5 Reposted in honour of her 111th birthday David Attenborough said that after Charles Darwin s The Origin of Species, Silent Spring was probably the book that changed the scientific world the most.Why Because marine biologist Rachel Carson explains in no uncertain terms exactly how mankind was changing the natural world for the worse in unimagined ways through pesticide use Agriculture wasn t concerned with wildlife or waterways, just livestock and crops.I remember as a child hearing that DDT was so safe you could sprinkle it on your cornflakes A couple of decades later we were told pretty much the same thing about Roundup, a herbicide, not a pesticide, which has also fallen into serious disrepute recently.I understand it was the editors who recommended that Carson add an opening chapter She wrote A Fable for Tomorrow , and what a chapter it is There was once a town in the heart of America where all life seemed to live in harmony with its surroundings The town lay in the midst of a checkerboard of prosperous farms, with fields of grain and hillsides of orchards where, in spring, white clouds of bloom drifted above the green fields Even in winter, the roadsides were places of beauty, where countless birds came to feed on the berries and on the seed heads of the dried weeds rising above the snow Then, it all changed Mysteriously, things began sickening streams, plants, animals, people The songbirds are gone, the fish are gone A grim spectre has crept upon us almost unnoticed, and this imagined tragedy may easily become a stark reality we all shall know She does say that this is just a representation of any of a number of towns in the world, and she knows of no single town that s lost everything Well, back in 1962, anyway What has already silenced the voices of spring in countless towns in America This book is an attempt to explain With that simple chapter, we get it The enormity of what s at stake.Thus began today s environmental movement There have always been conservationists and environmentalists, but this book gave them a voice and opened the eyes of the rest of us.And explain she does, clearly, factually, fascinatingly, and she includes the anecdotal stories we still seem to need to grab our attention Much of what she describes is now part of the regular school curriculum, and there are lots of mainstream articles about soil health, microbes, worms and the interrelationship between even the smallest parts of nature.Some of her examples have a horrible fascination where they describe the unintended consequences of wiping out one pest intentionally which either kills other things or facilitates the spread of another, worse pest In Clear Lake, California, they were spraying annoying gnats with DDD, a close relative of DDT but supposedly less harmful to fish By the third season they sprayed, they were losing birds and discovered the build up in fatty tissues How Why Well, grebes eat fish, which eat other fish which eat plankton and this stuff keeps building up One, a brown bullhead, had the astounding concentration of 2500 parts per million It was a house that jack built sequence, in which the large carnivores had eaten the smaller carnivores, that had eaten the herbivores, that had eaten the plankton, that had absorbed the poison from the water The last chapter, The Other Road refers to the famous Robert Frost poem, The Road Not Taken Carson explains that our two roads are not equal The way we re going is fast and easy but leads to disaster The other fork of the road the one less travelled by offers our last, our only chance to reach a destination that assures the preservation of our earth The choice, after all, is ours to make She holds out hope for biological solutions and says in 1962 many specialists are working on this in their respective fields biology, entomology, biochemistry, genetics, too many to enumerate.She quotes professor Carl P Swanson, a Johns Hopkins biologist Any science may be likened to a river It has its obscure and unpretentious beginning its quiet stretches as well as its rapids its periods of drought as well as of fullness It gathers momentum with the work of many investigators and as it is fed by other streams of thought it is deepened and broadened by the concepts and generalizations that are gradually evolved Why haven t we learned yet It s hard to believe that we have celebrated the 50th anniversary of this book without demanding our governments respect independent scientific reports and give corporate lobbyists the short shrift they deserve What will be left of the world on its 100th anniversary, I wonder This is an everybody should read this book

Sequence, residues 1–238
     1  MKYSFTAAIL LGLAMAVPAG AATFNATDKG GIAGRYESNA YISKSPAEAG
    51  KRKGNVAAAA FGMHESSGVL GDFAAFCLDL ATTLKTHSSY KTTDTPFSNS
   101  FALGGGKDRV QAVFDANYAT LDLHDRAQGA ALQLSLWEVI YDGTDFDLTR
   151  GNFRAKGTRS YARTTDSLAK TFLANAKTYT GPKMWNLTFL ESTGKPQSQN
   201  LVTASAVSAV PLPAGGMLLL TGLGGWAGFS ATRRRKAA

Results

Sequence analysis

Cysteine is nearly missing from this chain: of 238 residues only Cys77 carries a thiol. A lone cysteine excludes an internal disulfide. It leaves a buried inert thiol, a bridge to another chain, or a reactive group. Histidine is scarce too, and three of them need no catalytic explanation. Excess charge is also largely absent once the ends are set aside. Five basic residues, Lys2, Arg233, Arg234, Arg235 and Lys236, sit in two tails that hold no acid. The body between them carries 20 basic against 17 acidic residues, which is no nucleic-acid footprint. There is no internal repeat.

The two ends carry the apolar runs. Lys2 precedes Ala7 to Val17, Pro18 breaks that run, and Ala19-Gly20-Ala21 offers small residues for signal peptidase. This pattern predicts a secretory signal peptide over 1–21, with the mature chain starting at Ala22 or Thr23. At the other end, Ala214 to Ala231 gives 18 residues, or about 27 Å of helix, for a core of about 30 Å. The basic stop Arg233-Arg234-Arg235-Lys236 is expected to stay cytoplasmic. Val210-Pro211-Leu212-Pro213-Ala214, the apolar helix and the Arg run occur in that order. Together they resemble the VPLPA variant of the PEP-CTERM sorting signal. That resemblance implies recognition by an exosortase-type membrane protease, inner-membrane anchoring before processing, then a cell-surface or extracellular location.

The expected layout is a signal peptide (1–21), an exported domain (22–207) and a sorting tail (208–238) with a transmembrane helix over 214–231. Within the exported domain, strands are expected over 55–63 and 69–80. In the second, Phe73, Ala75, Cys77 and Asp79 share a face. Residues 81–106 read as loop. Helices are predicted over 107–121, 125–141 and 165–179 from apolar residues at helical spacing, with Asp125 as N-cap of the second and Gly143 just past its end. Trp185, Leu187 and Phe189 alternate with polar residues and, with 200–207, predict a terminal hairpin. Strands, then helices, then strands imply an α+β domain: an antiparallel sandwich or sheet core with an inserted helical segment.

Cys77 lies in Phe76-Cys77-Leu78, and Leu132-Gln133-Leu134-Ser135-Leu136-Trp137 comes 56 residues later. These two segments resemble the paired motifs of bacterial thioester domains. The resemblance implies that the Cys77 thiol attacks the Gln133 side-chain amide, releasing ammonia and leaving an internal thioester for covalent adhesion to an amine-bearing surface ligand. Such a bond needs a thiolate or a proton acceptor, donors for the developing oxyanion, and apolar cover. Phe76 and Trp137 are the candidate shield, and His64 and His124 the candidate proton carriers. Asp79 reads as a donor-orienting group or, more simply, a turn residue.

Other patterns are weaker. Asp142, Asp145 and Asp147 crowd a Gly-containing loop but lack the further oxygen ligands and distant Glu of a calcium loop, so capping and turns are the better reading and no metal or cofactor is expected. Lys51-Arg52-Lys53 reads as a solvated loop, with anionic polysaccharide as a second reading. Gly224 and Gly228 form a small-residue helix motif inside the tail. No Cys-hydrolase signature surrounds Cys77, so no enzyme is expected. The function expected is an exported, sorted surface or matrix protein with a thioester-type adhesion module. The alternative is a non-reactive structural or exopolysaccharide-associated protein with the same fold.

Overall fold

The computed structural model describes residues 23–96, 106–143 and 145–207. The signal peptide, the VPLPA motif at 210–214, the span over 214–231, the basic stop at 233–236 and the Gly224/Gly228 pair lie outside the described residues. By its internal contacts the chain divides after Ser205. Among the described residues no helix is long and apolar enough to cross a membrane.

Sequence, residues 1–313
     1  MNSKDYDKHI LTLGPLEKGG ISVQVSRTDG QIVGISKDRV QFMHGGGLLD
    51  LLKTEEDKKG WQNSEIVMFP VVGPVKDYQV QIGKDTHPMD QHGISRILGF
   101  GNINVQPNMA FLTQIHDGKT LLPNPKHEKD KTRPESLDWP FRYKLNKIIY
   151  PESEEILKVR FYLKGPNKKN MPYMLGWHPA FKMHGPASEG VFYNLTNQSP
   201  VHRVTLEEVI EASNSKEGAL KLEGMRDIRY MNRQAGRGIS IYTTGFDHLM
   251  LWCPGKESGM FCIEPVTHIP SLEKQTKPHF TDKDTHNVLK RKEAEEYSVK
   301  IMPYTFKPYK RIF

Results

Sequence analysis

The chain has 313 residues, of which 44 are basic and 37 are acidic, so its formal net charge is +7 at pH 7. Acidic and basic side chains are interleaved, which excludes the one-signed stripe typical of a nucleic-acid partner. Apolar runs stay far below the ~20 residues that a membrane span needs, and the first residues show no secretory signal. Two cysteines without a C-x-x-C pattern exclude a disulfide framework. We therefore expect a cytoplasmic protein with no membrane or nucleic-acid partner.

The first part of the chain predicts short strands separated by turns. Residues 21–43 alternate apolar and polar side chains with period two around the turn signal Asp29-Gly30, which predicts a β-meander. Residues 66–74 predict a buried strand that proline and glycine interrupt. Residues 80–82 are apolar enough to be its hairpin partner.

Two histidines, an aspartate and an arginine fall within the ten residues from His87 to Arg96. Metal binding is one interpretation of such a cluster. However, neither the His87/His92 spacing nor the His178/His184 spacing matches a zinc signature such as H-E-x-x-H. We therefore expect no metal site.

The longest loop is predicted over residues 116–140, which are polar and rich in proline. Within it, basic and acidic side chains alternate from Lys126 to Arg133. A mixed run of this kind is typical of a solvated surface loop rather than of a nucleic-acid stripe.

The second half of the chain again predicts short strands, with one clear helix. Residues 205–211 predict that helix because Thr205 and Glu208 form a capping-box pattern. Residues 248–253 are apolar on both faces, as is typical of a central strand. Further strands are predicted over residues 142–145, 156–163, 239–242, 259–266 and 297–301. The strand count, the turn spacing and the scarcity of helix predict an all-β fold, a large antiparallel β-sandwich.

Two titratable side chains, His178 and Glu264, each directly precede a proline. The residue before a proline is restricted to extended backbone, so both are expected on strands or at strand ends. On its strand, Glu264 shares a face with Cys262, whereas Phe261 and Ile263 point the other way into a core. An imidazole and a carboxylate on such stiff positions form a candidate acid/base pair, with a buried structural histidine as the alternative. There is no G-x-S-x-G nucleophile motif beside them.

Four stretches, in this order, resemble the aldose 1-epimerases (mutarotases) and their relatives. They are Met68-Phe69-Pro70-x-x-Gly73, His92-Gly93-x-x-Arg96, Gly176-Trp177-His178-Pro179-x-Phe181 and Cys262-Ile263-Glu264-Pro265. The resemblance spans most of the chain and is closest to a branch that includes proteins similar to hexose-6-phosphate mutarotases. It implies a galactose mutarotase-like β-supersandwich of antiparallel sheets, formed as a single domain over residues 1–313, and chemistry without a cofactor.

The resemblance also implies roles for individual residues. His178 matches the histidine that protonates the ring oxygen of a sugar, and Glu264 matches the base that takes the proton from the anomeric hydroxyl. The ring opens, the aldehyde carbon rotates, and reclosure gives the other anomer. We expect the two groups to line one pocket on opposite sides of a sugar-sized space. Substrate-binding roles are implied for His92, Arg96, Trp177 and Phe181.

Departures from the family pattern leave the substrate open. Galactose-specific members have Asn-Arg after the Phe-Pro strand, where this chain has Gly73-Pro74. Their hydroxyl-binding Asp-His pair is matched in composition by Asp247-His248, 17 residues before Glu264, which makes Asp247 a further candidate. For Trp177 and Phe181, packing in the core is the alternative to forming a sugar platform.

7. says: